|It has been recognized as the "Miracle on |
Tartan"—a "great" play in UGA football his-
tory that actually wasn't too great for the Dogs.
You see, according to my publisher, a listing of 50 all-time greatest plays should include "four to six plays" which might have been "great," but rather for the opposing team—to which I agree. However, it kind of stinks when you cannot think of at least one great play executed by the Bulldogs to offset the one that went against them.
I started to look through my book to identify which of the four original great plays for the opposition I would need to throw out to be replaced by Auburn's game-winning touchdown pass (because if you say "four to six" great plays not in Georgia's favor, I'm identifying four, and only four):
#46 The Timeout: Disputed timeout called by
#38 Trapped on the Tartan Turf:
’s game-tying touchdown catch on fourth down in ’68 is later declared an incomplete pass Tennessee
#31 Bulldogs’ Sugar Turns Sour: Dan Marino throws a 33-yard score on fourth down in the final minute to defeat
in ’82 Sugar Bowl Georgia
#19 Sanks’ Phantom Fumble: An erroneous ruling arises as
is driving for winning score against Tech in ’99 Georgia
To get more perspective—a sideline perspective—on the '68 Georgia-Tennessee game, which ended in a 17-17 tie, and the Volunteers' mistaken touchdown, this week I reached out to Charley Whittemore—the Bulldogs' starting split end and leading receiver that season.
Charley first brought up Tennesse's playing surface at the time—newly-laid Tartan Turf—a controversy in its own right which would ironically aid in the scoring of the controversial touchdown.
"It was like a brillo pad," Whittemore said of the Tartan Turf. "Because of that surface's abrasiveness, plus the heat and humidity of the game, staph infection would go through the team that year. I don't know if the turf was the real cause of everyone having staph, but that's what we blamed it on."
Tennessee quarterback Bubba Wyche began moving the Volunteers towards the Bulldogs’ goal.
Tennessee faced fourth and goal with enough time remaining to run just one play, but then, it happened. Wyche dropped back in the pocket, set himself, and fired a pass over the middle to Gary Kreis. Just as Kreis tried to make the catch near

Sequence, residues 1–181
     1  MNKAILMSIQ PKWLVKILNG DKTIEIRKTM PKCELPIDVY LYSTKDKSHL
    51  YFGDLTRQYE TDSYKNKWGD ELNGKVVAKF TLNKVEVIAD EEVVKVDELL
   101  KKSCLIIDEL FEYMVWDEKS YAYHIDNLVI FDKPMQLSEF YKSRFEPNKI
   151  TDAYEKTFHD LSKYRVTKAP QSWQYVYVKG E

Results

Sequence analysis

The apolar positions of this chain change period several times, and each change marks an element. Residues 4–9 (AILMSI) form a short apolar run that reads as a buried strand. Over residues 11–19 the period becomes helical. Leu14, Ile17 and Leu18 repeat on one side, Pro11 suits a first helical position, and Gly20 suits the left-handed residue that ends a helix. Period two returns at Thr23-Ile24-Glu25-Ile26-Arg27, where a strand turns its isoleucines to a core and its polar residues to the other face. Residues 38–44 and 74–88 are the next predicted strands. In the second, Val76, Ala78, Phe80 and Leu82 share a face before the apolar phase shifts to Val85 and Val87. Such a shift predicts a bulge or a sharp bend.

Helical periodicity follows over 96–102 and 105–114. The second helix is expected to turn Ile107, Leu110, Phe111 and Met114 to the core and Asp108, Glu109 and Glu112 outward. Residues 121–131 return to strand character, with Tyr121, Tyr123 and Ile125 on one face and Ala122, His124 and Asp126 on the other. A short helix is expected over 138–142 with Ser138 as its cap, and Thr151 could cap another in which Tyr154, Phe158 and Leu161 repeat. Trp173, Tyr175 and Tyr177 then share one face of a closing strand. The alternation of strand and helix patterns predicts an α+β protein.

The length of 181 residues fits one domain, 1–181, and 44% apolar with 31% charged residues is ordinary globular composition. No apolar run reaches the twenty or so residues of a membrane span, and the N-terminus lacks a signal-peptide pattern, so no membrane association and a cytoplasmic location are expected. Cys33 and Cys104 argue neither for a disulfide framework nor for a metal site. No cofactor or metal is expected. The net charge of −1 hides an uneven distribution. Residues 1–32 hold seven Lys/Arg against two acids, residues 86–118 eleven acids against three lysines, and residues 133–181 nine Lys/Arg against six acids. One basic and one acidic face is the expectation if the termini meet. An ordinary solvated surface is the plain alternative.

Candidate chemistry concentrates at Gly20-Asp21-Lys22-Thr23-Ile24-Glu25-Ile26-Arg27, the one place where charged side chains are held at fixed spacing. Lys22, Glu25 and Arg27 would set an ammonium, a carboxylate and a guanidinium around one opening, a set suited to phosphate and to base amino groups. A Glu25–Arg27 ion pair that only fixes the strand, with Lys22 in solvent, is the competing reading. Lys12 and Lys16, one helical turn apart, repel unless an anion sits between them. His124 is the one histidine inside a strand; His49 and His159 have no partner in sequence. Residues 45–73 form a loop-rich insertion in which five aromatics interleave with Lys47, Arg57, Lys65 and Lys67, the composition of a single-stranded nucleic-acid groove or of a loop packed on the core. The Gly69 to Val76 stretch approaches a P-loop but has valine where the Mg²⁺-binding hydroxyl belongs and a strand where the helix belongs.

"What I really remember about that game is Tennessee entered ranked [9th in the nation]—we weren't—and they were a substantial [7-point] favorite," Whittemore recalled. "But, when the game ended in the tie, we were really upset, while they were all happy—ecstatic—about the tie. It should have been the reverse."
Two days later, reports were disclosed that Kreis had actually trapped the football as he rolled over
"Whether [Kreis] caught it or not, it's history—they scored on us," Whittemore said. "That was the way it was back then—officials made bad calls all the time. Bad calls—you lived with them; they were part of football."
Whittemore's head coach agreed. When UGA was asked to comment on the media's findings the next week, only Vince Dooley responded, and it was certainly short and to the point: "You don't win football games on Sunday."
The Bulldogs would find some solace of sorts seven weeks later in Athens, when outgained by the Houston Cougars 532 to 276 in total yardage, Georgia somehow came away with a 10 to 10 tie. “Unlike at Tennessee, against
|With the Redcoats in the background, UGA and |
UT face off in '68, while on the verge of being
part of perhaps one of the most controversial
TDs in college football history.
Reflecting upon the 1968 season and Georgia's tie against Tennessee, followed by the second draw coming against Houston, Whittemore stated, "sometimes you don't have things go your way, but sometimes you do..."
And, just as I was about to point out how the Bulldogs recently, seemingly have things or game-deciding plays—great plays—always not go their way, Charley continued...
"Like last year, we maybe should've beaten Auburn, but if not for a fumble by Tennessee ("Pig" Howard) in overtime, we might have lost to them too, but it was the other way around—we beat Tennessee."
I want to thank Coach Whittemore for giving his account of when a "great" play wasn't so much, but also reminding me of one that actually resulted in Georgia's favor during the last several years; here's to a couple more great plays resulting in 2014. Moreover, I appreciate being reminded that sometimes we tend to focus on when things don't go our way, and neglect to recognize all the times when they do.